The following morning the sun was shining and
the rain had stopped. We headed down to the Lake and were split into two boats to head out onto the lake. Before we even hit the water we had a great sighting of an African Fish Eagle and were lucky to have a second sighting on returning to shore. Being on the water was lovely, and for once I didn't suffer from any sickness! We motored along the shoreline not far from it to look for hippos and we saw quite a few. Because it was early in the morning and hippos come out of the water to feed at night we could see them along the shoreline, through the reeds. A couple of them came surging out into the water which was pretty cool to see and they'd then bob around with just their eyes and ears above the water. This was all great until one big one started to move towards us and then disappeared under the water. At first we're all still smiling and then it dawns on us that this very large animal could turn the boat over with ease and being the most dangerous animal in Africa we all became quite worried. Our guide
wasn't too bothered at first but even he soon began to panic a little and he started to turn us around and motor away as quickly as possible!!! However, as I'm sitting here writing this, you know that we survived and weren't attacked by the hippo!! For the rest of the trip we saw quite a lot of bird life, pelicans, cormorants and Egyptian geese, we also saw a giraffe drinking from the lake and another awesome sighting was that of two waterbuck who came charging into the Lake full pelt and fought with eachother in the water in front of us! One buck gave up before long but it was amazing to see!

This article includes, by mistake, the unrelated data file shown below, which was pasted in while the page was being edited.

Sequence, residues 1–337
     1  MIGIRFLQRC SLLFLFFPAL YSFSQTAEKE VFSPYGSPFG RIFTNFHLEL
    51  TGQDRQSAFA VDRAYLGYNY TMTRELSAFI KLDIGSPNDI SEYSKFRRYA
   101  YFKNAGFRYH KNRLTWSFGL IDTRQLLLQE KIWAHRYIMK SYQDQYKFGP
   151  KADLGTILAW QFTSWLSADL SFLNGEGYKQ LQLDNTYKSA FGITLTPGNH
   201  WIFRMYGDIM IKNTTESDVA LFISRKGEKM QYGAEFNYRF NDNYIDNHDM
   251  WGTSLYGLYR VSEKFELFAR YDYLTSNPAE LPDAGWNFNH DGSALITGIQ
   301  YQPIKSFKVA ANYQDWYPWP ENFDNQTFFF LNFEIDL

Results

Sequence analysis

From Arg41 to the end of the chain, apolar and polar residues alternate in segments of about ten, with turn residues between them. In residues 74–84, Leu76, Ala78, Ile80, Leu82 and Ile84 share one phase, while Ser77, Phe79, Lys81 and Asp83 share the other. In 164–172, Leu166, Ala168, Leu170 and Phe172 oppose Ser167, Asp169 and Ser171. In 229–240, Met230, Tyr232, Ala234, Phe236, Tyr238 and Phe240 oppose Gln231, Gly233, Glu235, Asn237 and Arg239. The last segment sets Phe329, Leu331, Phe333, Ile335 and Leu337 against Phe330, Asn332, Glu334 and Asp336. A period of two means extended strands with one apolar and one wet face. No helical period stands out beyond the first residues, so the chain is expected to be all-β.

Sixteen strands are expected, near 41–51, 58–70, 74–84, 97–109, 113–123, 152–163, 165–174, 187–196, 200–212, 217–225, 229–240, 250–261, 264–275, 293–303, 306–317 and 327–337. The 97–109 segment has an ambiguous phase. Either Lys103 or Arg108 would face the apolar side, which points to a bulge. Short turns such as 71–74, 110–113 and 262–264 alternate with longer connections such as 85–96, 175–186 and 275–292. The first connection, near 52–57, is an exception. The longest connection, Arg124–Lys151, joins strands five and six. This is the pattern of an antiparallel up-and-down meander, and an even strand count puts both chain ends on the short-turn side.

After our trip on the lake we had breaky and packed up before beginning our journey to the Lake Nakuru National Park. This journey wasn't too bad, although for some of it we had to bump along a very dusty little track right alongside the newly tarmacked road which we couldn't use! We arrived at Lake Nakuru and set up camp. The camping site was inside the park itself which was pretty cool and there were loads of baboons all around the camp and you